Thursday, March 21, 2013

How Does a Nurse Become a Writer?

I'm often asked how a nurse becomes a writer, usually by other nurses who would like to take their career in another direction. They hear that I'm a "nurse writer" and they want to learn more. I've written about this a few times and each time, I admit that I don't have much to offer in the way of advice.

I wrote about my identity crisis as I made the transition from nurse to writer, for the American Society of Journalists and Authors (ASJA). In Being a Writer Doesn't Mean I'm No Longer a Nurse, I talk about the change in my life as I reconciled my two identities, that of nurse and that of writer. It wasn't a fast change, I can assure you. There was a lot of angst involved in resetting how I thought of myself.

I still feel guilty sometimes that I'm not working as a nurse in a clinical environment. Quebec, as are many parts of the world, is experiencing a nursing shortage and I know that they can use all the help they can get. Every so often, I do go back into the system to work for a while, to stay up-to-date and keep up my skills. But as the years go by, I find myself more disassociated with the system and more unwilling to put up with the bad sides of the job.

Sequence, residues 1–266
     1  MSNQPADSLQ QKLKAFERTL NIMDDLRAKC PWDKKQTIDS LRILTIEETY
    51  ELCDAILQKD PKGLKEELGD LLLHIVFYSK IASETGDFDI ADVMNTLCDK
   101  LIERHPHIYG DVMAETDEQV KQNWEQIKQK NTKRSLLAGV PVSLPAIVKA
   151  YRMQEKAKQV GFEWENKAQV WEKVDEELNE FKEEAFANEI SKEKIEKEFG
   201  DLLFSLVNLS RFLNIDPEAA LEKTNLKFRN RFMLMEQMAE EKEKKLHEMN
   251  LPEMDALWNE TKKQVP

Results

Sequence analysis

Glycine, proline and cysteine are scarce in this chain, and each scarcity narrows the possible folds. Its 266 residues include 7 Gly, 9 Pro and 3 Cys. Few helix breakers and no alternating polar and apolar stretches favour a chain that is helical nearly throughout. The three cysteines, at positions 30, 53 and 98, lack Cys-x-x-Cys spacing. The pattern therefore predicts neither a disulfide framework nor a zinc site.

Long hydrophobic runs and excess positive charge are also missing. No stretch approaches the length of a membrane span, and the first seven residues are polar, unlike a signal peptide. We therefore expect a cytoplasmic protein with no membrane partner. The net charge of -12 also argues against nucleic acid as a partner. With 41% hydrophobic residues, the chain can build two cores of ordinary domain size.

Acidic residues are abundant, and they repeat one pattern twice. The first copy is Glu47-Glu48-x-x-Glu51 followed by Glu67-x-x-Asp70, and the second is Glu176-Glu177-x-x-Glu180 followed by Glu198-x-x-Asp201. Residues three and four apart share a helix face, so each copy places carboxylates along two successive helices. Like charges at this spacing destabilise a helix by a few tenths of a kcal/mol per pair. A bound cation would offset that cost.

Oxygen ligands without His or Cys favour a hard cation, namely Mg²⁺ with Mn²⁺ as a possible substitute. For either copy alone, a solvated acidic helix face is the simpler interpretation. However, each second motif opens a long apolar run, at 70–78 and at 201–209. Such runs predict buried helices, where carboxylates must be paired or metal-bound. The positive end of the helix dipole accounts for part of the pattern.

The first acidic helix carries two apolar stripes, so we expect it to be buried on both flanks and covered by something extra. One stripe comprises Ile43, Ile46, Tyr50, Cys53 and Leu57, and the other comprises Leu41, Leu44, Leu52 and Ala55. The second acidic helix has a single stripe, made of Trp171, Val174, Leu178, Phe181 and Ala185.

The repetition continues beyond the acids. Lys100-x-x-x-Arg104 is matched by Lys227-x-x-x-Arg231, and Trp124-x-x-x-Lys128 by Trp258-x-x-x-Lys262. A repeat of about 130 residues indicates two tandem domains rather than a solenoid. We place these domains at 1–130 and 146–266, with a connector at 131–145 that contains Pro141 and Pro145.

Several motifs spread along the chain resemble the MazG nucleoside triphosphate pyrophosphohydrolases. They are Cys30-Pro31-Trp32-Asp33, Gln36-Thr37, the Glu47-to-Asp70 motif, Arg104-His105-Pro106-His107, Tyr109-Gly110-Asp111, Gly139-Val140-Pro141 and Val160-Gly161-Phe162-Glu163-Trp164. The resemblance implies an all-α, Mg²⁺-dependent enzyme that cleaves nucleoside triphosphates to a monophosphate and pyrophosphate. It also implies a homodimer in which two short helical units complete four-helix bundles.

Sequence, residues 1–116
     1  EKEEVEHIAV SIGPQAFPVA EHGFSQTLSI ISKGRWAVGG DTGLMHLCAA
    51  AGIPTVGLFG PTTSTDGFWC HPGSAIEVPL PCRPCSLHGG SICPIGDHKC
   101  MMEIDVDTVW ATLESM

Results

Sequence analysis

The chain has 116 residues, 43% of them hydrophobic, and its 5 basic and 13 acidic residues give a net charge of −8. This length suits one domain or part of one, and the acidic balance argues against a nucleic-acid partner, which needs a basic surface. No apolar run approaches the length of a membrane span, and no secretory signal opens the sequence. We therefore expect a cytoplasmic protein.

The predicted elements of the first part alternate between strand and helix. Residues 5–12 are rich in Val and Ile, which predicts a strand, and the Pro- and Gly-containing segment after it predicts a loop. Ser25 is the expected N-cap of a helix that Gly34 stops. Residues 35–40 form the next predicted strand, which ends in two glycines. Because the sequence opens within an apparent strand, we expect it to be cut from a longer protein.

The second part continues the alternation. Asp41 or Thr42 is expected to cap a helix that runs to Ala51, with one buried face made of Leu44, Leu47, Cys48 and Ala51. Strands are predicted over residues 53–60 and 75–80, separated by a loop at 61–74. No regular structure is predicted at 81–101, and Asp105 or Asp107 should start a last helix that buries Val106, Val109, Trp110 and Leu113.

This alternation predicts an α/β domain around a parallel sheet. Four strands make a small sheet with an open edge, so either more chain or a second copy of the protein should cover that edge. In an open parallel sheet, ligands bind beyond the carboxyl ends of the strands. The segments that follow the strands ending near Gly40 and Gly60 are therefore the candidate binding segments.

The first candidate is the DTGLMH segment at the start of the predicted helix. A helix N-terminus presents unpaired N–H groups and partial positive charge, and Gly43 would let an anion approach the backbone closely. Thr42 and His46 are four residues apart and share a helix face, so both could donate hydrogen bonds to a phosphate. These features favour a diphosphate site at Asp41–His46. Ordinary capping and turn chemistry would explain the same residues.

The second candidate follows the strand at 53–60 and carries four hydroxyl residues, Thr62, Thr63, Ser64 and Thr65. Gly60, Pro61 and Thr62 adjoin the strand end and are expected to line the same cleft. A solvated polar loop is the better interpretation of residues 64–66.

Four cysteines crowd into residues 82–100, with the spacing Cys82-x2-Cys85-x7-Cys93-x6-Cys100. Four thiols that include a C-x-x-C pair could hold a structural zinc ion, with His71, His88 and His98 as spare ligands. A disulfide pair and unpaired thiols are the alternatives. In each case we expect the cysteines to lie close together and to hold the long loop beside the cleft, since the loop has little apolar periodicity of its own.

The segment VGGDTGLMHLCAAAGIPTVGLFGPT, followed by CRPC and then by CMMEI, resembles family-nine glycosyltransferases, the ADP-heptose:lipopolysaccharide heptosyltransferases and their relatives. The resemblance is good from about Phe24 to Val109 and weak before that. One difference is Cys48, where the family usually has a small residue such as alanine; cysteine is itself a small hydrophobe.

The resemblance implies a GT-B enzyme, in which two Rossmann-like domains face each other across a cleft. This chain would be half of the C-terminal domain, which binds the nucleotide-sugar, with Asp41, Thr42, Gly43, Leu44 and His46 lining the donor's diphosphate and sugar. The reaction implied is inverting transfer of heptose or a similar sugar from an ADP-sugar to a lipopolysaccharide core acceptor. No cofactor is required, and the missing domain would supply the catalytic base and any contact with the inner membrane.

Nursing is challenging. Nursing is rewarding. There are things you can do as a nurse that can help change a life. But it's also hard on the body and soul. The politics that don't allow nurses to think for themselves, to have to be the target of unhappy patients or families regarding issues or policies over which they have no control - they all get to you. Physically, working on your feet - or should I say running on your feet - every shift without much time for breaks, shift work, working on holidays and weekends without realistic extra compensation, and mandatory (yes, mandatory) overtime at many places - they all get to you too. And despite all that, I miss it. Nursing is part of who I am and I'm grateful for all I've done and all I learned. But now, my nursing is part of my writing, which is now who I am and what I do.

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